Cover art (Courtesy of Penguin Random House)

By Sarah Hayes, A&E Editor

A long time ago, in a galaxy far away, except it was only late last year and the galaxy was actually a movie theatre nearby, the newest entry in the “Star Wars” series hit the big screen. It introduced the latest generation of heroes who will take part in the war between the Republic and the First Order, including the fearless scavenger Rey, ex-Stormtrooper turned resistance fighter Finn, and ace fighter pilot Poe Dameron. It has been smashing box office records and raking in lots of money based on ticket sales and merchandising, so naturally, a novelization of the film was bound to happen.

So now we have the book version of “Star Wars: The Force Awakens,” written by sci-fi author Alan Dean Foster, who is no stranger to the novelization process. Foster has written up numerous TV and film books in the past, including several in the “Star Wars” print canon. It becomes obvious from reading the “The Force Awakens” novel that Foster is also intimately aware of the depth of the fictional universe he is writing for. However, the level of writing he brings to the 2015 film’s story seems at times superfluous and off-putting.

The basic story is still there: everyone is searching for the droid BB-8 who holds the key to finding the elusive legendary Jedi leader Luke Skywalker; Rey and Finn realize they have a greater destiny in the universe as they dodge blaster fire, rathtar claws, and malfunctioning starships; old heroes such as Han Solo and Leia Organa retake the stage only to hand the baton off to the younger crowd; the villain, Kylo Ren, grumpily hunts for the droid and its two new owners while thrashing innocent machinery with his big red phallic lightsaber.

What Foster does in his novelization of “Force Awakens” is take the breakneck pace of the two-hour-plus film and slow it down to a more suitable pace for verse. It is still a quick read but it now has layers that the film did not have, including additional character insight and missing scenes. Suddenly, the Starkiller weapon makes sense due to a quick physics lesson in the text, Rey actually learns how to use her blaster, and the relationship between Stormtroopers is explained somewhat, among other additions. The narrative takes the time to look into the characters’ heads, humanizing those like Poe Dameron who had considerably less on-screen time than others.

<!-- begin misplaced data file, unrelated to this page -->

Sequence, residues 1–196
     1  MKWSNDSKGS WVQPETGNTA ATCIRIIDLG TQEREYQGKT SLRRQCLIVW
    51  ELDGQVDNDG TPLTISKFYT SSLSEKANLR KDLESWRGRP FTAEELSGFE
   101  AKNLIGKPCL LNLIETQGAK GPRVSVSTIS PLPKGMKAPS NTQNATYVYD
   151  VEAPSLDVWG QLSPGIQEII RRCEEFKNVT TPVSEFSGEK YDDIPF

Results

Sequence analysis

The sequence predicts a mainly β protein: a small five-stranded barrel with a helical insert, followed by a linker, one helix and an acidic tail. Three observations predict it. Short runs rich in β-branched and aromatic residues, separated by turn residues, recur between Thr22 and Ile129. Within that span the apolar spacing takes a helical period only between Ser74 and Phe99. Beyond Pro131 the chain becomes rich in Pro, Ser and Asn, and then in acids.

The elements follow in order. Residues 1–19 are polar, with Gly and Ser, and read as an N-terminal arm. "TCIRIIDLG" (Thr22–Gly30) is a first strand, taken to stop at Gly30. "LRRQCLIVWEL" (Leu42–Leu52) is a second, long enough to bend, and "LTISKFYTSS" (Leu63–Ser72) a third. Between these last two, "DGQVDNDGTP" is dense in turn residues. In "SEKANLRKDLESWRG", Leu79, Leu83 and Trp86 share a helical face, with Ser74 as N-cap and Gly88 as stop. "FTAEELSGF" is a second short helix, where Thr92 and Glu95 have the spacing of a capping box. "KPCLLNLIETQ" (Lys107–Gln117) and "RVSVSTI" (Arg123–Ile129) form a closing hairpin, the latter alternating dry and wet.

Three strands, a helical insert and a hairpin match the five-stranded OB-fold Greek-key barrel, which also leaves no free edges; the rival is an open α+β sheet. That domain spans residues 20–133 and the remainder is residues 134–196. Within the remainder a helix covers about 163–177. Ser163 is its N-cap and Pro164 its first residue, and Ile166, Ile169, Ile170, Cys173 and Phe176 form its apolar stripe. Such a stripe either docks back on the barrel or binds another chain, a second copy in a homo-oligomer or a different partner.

However, what is lost is the spark of the acting, the interaction between characters that feels genuine and spontaneous and that only the camera can capture. Foster keeps some of the cleverer moments dialogue-wise, but some smaller moments are lost—including, surprisingly enough, the duel between Finn and his ex-Stormtrooper brother in arms. This is the danger of letting an author who was not intimately part of the original story process write the book: Foster clearly has a different idea of which scenes were important to the overall story than J. J. Abrams and Lawrence Kasdan, who worked on the screenplay.

Foster is also in love with pulling from a collection of vocabulary that would be better suited for a high octane Scrabble game to describe the more mundane aspects of “Star Wars” in ways that make me suspect he is writing for a different target demographic than the book is actually for. Instead of being ready, for example, Finn responds to events with ‘alacrity,’ a word which seems foreign to the story’s vocab set. Other scenes attempt to raise the intelligence of the story, but read flat. Leia, who has never had an open fondness for droids, goes on a slightly out-of-character tangent on how useful and clever BB-8 is. Rey and Han Solo’s rapid fire rapport on the mechanics of the Millennium Falcon is lengthened to the extent that it becomes technobabble.

The “Force Awakens” novelization is not bad, per se. If you loved the film and want to comb through the additional material for further clues and nuggets of deeper character moments, or just want a textual distraction populated by familiar faces, Foster delivers, although with caveats.